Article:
High-quality protein, including muscle meat, organs and bone (protein coming from animal sources should make up more than 80% of a cat’s diet)
Low to moderate levels of animal fat (depending on your pet’s activity level)
High levels of EPA and DHA (omega-3 essential fatty acids)
A few fresh cut, fibrous vegetables, pureed
No grains or starches
A whole food vitamin/mineral supplement that meets the additional E, zinc, iron, copper, manganese, iodine and vitamins E and D deficiencies often found in homemade diets OR enough of these hard-to-source foods in whole food forms, daily
Beneficial additions such as probiotics, digestive enzymes and super green foods
It’s extremely important to practice portion control at every meal, and you also need to know exactly how many calories your dog or cat should be eating per day. Use these calorie calculators to determine how many calories your pet should take in to lose weight or maintain his or her current weight.
Tripods can and should get consistent daily exercise for all the same reasons all pets require it, and also because it’s especially important for three-legged pets to maintain excellent muscle tone. Strong muscles help support joints in the back and remaining limbs. Obviously, the biomechanics of three-legged animals are permanently altered. Maintaining excellent core tone throughout life is imperative and building excellent muscle tone and ligament resiliency in the remaining limbs that support the body’s weight is critical.
I strongly recommend partnering with an animal rehab program if you have a three-legged pet. These professionals can provide innovative at-home exercise regimens as well as suggestions, tips and tricks for keeping physical fitness plans interesting and enjoyable for both of you.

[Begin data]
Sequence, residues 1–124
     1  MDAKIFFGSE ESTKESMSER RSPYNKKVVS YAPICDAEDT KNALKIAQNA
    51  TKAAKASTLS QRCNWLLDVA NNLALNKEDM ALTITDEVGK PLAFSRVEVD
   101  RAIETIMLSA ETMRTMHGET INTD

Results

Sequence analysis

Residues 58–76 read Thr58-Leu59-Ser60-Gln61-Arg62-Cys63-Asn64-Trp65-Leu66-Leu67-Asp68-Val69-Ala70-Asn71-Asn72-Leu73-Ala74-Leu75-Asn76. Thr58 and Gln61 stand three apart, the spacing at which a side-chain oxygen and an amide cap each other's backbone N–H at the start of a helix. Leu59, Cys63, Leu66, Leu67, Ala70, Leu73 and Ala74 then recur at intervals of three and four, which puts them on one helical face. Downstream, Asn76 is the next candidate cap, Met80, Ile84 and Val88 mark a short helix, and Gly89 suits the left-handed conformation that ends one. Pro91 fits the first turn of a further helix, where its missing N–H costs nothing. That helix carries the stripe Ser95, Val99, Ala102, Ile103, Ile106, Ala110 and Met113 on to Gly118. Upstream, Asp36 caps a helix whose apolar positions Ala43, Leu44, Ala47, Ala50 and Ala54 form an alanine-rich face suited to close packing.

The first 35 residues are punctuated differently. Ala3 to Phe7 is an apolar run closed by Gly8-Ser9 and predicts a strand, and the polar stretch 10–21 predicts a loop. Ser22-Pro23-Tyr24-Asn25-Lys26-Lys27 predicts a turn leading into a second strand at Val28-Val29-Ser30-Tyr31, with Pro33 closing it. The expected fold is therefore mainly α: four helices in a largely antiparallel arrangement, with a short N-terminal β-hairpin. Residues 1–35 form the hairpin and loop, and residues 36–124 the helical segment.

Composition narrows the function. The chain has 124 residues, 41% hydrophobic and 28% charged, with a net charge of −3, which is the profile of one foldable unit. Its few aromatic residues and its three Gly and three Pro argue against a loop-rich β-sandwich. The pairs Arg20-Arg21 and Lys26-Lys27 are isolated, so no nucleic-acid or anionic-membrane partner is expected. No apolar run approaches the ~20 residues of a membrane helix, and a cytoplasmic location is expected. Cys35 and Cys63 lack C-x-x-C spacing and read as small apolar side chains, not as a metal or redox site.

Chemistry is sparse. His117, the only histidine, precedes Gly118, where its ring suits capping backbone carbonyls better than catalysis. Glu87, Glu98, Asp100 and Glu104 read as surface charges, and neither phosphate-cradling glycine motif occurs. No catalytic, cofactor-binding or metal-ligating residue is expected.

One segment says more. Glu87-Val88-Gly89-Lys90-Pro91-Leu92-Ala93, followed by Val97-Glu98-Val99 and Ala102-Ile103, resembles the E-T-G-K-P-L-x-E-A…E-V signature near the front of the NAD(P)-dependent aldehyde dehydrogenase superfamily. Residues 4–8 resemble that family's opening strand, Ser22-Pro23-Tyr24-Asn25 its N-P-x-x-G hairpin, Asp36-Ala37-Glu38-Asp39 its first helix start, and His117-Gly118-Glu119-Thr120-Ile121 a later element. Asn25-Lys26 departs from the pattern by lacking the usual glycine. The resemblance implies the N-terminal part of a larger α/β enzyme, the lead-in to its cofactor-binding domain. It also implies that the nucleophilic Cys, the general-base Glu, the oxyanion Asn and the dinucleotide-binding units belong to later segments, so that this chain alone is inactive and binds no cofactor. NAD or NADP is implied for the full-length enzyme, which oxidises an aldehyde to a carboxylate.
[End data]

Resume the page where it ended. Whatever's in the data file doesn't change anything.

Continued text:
Rehab professionals can identify changes in your pet’s frame, such as reductions in range of motion, joint fluid deficits, offloading of weight (compensations), muscle atrophy and discomfort at its onset, which means they can dramatically slow the progression of joint disease early on in these higher risk animals.
Your three-legged family member may tire more easily than pets with all their limbs, so it’s important to know the signs of fatigue and provide him with opportunities to rest on walks and during exercise and playtime.
Beneficial natural joint supplements
As always, I recommend working with an integrative veterinarian to develop a customized supplement protocol that should be instituted at the time of amputation. Don’t wait until your pet begins to show signs of pain or reduced range of motion.
Chondroprotective agents (CPAs) that protect the joints and slow the rate of cartilage degeneration are a must, and include glucosamine sulfate, collagen, MSM, eggshell membrane, perna mussel (green-lipped clam) and cetyl myristoleate. Adequan is a brand of injectable joint support that many people find beneficial.
Natural substances that can reduce or eliminate the need for painkillers in the early stages of arthritis include a high-quality omega-3 supplement (krill oil), ubiquinol, turmeric (or curcumin), supergreen foods (spirulina, astaxanthin), natural anti-inflammatory formulas (such as proteolytic enzymes, boswellia, a variety of and SOD), homeopathic remedies (Rhus tox, Bryonia and Arnica, for example) and Esterified Fatty Acid Complex (EFAC).
I have found CBD oil to be a very safe, long-term management strategy for chronic pain, and there are also Ayurvedic and Chinese herbs and nutraceuticals that can be very beneficial, depending on the animal’s specific symptoms. Remember to always use CPAs with any natural pain protocol (or you’re inadvertently allowing additional degeneration to occur).
I recommend bringing your three-legged pet for a wellness checkup with your rehab-savvy veterinarian or rehab professional at least twice a year to review the status of her health, and to check the range of motion in her joints, the muscle mass she’s either gaining or losing and to make adjustments to her protocol as necessary to ensure her quality of life is optimal.